“Kill your darlings?”
I was talking with a nonwriter about revising my Savage Girl manuscript, about the small cuts my editor had gently suggested would improve the narrative.
Kill does sound pretty violent. And why would you want to kill a darling?
It’s a well-established dictum, something of a cliché at this point. Widely attributed to William Faulkner. (So we know it’s not necessarily about chopping up long sentences.)
In writing, you must kill all your darlings.
It may be apocryphal, since I haven’t ever located the story behind the saying.
Faulkner would seem to have adapted the sentiment from a once-lionized writers who has since become fairly obscure.
Sir Arthur Thomas Quiller-Couch (1863-1944) was a British gentleman who published under the pen name of Q. Fiction, poetry and criticism flowed from his pen, but probably his best-known work was the Oxford Book of English Verse, 1250-1900. He also translated fairy tales from the French.
It was when discussing style in his 1916 publication On the Art of Writing that Quiller-Couch proposed the idea that style “is not—can never be—extraneous ornament.” Instead, he advised the following rule:
Whenever you feel an impulse to perpetrate a piece of exceptionally fine writing, obey it—whole-heartedly—and delete it before sending your manuscript to press. Murder your darlings.
Before Q came Samuel Johnson, who urged, Read over your compositions, and wherever you meet with a passage which you think is particularly fine, strike it out.
Stephen King jumped on the bandwagon more recently. In his 2001 book On Writing, King told writers to kill your darlings, kill your darlings, even when it breaks your egocentric little scribbler’s heart, kill your darlings.
But what does the riff mean, anyway? What does it mean for me, as I’m sitting here deciding whether or not to strike, for example, this passage:
Stepping into the lift, I had craned my head up to the purple sky above me, with just a dusting of stars emerging. Below, the blacker pit.
Perhaps cut this? asks my editor. The narrator is stepping into an elevator that will take him down a mine shaft.
Elmore Leonard once said, If I come across anything in my work that smacks of ‘good writing,’ I immediately strike it out.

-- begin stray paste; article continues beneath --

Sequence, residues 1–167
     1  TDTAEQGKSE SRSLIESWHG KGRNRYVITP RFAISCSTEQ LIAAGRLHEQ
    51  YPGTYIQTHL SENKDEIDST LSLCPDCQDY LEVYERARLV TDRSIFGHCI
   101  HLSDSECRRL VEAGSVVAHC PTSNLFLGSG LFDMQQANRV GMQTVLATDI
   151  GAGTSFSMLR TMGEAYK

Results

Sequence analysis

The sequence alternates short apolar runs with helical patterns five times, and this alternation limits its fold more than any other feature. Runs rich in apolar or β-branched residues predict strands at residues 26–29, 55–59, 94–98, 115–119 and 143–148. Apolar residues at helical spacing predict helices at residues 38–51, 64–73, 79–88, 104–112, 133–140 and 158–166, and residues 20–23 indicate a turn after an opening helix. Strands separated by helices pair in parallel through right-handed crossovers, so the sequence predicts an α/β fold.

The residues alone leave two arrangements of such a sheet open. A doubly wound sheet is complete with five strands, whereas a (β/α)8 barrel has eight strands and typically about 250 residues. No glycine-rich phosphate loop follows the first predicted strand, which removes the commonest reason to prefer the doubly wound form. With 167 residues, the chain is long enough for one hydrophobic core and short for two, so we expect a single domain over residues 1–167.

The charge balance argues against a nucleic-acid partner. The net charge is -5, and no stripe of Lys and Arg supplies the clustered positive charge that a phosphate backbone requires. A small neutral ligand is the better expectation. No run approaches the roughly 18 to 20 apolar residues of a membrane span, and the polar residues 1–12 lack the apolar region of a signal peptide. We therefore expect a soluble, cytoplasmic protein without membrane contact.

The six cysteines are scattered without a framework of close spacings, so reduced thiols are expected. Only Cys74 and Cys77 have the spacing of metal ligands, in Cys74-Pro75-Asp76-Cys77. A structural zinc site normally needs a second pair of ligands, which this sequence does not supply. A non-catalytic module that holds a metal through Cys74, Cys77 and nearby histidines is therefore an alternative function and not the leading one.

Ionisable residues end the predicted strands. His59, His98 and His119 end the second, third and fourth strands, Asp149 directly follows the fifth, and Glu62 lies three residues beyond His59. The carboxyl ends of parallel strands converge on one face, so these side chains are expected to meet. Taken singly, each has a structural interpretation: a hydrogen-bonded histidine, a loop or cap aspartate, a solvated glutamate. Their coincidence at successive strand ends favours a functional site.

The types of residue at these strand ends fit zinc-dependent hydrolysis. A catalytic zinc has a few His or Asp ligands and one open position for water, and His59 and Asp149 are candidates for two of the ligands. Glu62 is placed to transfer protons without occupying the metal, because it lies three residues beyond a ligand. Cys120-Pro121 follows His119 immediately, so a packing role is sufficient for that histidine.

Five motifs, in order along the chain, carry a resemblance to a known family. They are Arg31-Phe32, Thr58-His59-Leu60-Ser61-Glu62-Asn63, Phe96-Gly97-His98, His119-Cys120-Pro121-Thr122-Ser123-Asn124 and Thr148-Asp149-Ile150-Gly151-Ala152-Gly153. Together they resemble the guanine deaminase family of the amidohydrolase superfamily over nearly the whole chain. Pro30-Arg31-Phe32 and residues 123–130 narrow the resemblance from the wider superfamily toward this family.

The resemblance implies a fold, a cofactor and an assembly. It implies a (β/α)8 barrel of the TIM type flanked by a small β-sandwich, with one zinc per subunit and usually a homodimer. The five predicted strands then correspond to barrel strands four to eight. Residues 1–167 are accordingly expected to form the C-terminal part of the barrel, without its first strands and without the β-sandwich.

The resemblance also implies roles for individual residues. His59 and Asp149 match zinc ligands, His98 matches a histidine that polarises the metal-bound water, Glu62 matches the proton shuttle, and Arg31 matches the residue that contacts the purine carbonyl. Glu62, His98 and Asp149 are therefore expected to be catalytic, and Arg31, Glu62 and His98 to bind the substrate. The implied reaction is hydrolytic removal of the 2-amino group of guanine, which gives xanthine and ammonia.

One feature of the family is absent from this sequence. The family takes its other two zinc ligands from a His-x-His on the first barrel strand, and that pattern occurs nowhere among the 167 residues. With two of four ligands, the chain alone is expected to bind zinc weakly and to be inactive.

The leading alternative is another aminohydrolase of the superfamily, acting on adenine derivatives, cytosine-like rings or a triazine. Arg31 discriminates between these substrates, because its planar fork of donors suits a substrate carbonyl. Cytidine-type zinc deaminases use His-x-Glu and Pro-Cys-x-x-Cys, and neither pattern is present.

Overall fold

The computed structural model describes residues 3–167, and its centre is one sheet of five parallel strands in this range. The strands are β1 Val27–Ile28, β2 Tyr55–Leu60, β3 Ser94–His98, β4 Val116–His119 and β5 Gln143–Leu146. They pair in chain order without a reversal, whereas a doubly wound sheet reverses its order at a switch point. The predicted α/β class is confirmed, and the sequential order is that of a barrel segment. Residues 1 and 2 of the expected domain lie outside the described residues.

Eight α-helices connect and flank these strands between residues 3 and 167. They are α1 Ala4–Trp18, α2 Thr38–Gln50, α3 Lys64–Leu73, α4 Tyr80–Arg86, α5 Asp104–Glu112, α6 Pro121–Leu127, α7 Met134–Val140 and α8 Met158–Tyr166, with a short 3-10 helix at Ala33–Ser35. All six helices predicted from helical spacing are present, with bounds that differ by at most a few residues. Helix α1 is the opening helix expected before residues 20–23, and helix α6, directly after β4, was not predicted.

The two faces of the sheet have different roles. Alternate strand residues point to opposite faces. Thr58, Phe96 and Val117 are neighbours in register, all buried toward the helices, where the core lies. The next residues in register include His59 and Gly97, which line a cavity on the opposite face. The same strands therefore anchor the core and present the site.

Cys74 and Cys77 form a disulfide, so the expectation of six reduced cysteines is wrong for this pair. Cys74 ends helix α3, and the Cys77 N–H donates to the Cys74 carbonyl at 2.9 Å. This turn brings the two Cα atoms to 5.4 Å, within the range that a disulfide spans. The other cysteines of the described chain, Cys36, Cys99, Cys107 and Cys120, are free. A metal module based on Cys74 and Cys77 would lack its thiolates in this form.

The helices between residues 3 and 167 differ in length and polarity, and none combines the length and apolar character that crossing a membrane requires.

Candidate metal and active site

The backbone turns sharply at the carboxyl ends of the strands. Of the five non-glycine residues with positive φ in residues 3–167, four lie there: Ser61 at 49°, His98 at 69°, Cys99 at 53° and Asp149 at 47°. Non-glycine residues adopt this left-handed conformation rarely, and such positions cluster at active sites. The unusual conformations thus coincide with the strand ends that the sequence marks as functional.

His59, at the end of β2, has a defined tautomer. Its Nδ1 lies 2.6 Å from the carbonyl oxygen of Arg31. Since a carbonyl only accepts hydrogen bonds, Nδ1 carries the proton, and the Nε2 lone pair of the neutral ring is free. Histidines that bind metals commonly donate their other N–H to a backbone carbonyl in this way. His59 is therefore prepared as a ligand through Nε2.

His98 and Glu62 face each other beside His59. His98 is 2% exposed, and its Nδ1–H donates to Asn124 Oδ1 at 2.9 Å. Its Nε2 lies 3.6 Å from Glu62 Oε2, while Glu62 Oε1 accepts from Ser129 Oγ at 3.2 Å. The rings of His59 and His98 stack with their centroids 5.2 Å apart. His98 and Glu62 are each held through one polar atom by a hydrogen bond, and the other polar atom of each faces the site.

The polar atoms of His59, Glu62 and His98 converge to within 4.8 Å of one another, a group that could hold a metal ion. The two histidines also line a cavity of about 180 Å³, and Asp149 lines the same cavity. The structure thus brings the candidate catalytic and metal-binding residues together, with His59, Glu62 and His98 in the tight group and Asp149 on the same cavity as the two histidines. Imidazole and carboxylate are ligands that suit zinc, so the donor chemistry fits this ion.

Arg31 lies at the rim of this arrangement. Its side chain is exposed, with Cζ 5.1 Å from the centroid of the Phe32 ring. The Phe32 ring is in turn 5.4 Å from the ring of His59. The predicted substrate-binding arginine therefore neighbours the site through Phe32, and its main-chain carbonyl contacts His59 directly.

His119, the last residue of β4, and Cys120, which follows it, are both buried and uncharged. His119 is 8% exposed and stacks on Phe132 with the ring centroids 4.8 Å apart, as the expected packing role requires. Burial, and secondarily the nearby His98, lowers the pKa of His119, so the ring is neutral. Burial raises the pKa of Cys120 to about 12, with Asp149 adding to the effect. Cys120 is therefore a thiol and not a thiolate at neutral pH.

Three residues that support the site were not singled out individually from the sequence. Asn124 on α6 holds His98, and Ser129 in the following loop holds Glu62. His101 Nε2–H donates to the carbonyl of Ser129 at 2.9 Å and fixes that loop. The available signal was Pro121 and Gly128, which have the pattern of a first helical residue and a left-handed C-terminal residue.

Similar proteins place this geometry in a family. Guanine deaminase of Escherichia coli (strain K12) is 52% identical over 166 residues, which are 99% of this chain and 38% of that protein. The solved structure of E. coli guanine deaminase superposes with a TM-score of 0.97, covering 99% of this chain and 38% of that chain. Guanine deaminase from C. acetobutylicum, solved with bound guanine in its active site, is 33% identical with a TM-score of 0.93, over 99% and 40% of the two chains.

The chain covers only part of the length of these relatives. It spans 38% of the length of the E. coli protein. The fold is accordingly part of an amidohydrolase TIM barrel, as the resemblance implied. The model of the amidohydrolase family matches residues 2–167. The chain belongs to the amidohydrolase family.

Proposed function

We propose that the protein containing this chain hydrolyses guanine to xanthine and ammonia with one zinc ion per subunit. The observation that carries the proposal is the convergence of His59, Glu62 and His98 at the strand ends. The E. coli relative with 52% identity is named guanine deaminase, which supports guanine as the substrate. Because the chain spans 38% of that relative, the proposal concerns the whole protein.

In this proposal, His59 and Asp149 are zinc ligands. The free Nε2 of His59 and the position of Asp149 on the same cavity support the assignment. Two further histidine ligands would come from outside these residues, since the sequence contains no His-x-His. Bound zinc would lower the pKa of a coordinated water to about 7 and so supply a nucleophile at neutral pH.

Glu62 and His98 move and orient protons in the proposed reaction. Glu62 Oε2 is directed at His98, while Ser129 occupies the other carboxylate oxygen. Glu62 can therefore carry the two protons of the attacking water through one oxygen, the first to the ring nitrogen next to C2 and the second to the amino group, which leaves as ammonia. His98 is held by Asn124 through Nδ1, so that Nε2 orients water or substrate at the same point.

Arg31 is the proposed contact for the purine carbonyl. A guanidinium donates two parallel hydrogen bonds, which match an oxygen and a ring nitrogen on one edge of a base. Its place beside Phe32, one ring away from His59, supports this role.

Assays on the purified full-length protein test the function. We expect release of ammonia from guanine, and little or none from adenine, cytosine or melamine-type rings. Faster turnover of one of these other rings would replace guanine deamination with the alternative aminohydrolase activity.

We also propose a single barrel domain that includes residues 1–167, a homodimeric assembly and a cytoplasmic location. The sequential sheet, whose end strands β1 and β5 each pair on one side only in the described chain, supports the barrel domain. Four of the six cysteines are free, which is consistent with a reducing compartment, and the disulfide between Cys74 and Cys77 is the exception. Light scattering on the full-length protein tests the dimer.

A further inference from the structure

The idea is that a bit you’re especially proud of will stand out as self indulgent and ruin the piece. Go to writing books, writing teachers, and so-called experts on the web and you will find any number of elaborations on this theme. One editor says, “darlings are scenes or sections that are fantastically written, funny, evocative…but don’t belong. They don’t move the story forward, or they repeat stuff we already know, or they cause problems with pacing, conflict, or characterization. And they are hard to eliminate. The fantastic writing, wit, and emotion blind us to the truth.”
A computer programmer applies it to code, saying, “If it turns out to be overwrought or too slick for the need, you should probably kill your darling and replace it with an ordinary solution that others can actually use, and not just marvel at.”
Darlings are the little pieces of glitter, the tinsel that the crow felt so proud to weave into her nest, but that turn out to be a distraction to everyone else.
I’m reminded of a word a friend of mine once coined to describe inadvertent foolishness with an overlay of conceit. Fardo, she called it. You think you’re being so smart but what you’re doing is overreaching and laughable. If I leave in that passage about the purple sky and the dusting of stars, will I be fardo?
Quick, don’t all speak up at once.
And yet. When you like something you wrote, when you feel good about that glitter you found – and doesn’t the glitter help hold together the nest, anyway? – won’t it appeal to someone else, to a reader?
I find another piece of Faulkner’s wisdom a bit more inspiring when it comes to writing or rewriting. Something he didn’t crib from an earlier author.
All of us failed to match our dreams of perfection. So I rate us on the basis of our splendid failure to do the impossible.